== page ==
September 01, 2013 /24-7PressRelease/
-- Florida health care fraud prosecution results in lengthy prison sentence
Both Florida and Federal officials investigate insurance fraud schemes. The Department of Justice's Criminal Division may bring tax or health care fraud
charges in coordination with another federal agency such as the Medicare-Strike Task Force or Criminal Investigation unit of the IRS.
At the state level, the Florida Department of Financial Services handles suspected fraud referrals. Over the last year, for instance, there have been an increasing number of PIP (Personal Injury Protection) fraud cases brought by the state agency.
Sentence handed down in recent Miami health care fraud scheme
Federal statute makes it a crime to knowingly or willfully create a scheme to "defraud a health care benefit program." A fine and prison sentence of up to 10 years is possible with a conviction. When a scheme results in serious injury or the death of a patient, the prison sentence could increase to 20 years or life.
A recent federal prosecution detailed a scheme that ultimately involved 15 people who worked for a health care organization. Prosecutors alleged that the community mental health center stole money from Medicare and Medicaid.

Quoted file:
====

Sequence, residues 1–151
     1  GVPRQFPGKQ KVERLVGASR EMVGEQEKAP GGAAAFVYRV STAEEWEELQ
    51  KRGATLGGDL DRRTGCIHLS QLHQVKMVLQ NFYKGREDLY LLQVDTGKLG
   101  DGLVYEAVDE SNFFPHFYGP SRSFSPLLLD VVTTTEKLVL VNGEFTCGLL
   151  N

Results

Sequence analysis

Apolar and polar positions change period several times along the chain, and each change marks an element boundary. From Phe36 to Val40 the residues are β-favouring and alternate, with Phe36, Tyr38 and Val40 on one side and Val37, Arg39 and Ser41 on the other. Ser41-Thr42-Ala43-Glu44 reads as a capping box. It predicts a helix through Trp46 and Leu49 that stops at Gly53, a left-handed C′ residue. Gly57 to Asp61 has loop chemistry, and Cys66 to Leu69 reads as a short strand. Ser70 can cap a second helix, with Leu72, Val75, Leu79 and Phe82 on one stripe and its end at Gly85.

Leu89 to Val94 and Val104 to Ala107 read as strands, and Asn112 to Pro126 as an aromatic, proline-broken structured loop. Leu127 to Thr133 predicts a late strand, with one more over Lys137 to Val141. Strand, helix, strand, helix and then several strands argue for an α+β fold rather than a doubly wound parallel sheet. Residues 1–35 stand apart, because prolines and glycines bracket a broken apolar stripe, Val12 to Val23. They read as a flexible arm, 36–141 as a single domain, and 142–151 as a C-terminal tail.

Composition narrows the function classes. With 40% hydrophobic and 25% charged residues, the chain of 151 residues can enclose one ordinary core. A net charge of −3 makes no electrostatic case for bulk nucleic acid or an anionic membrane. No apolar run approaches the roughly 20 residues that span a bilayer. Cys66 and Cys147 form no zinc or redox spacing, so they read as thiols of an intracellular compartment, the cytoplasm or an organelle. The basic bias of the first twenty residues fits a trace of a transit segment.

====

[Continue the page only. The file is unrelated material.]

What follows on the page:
At trial, the prosecution introduced evidence that a medical record supervisor altered documents to support false billing claims. One of the allegations was that billed therapy sessions involved patients watching movies or simply taking part in games or barbeques. It was also alleged that the supervisor was aware of illegal payments to assisted living facilities for patient referral information used to submit claims.
Following a federal trial, a jury found the woman guilty of conspiracy to commit health care fraud. The former supervisor of medical records at the organization was sentenced to 10 years in prison, an additional three years of supervised release and must pay a large amount of restitution for her part.
Necessity of legal representation as fraud prosecutions increase
The number of these health care fraud prosecutions has increased since 2007 when Health and Human Services formed a Medicare Fraud Strike Force. Approximately, 1,500 prosecutions have resulted.
generally require that the violation was willful. In the health care context, as in all criminal cases, the defense depends upon the facts of the case and the applicable law. In the case described above, one defense might be that an individual was unaware of fraudulent billing practices and another might be that the billing practices were erroneous, but not fraudulent. Other possible defenses may relate to the admissibility of evidence or credibility of testimony.
Any allegation of health care fraud is serious. If convicted, penalties can include a prison sentence, fines and restitution. Detailed reviews of paperwork and charges against multiple people in an organization are common in these types of cases. The complexities of these cases require a skilled criminal defense attorney to defend you against such charges.
Article provided by Rothman & Associates, P.A.
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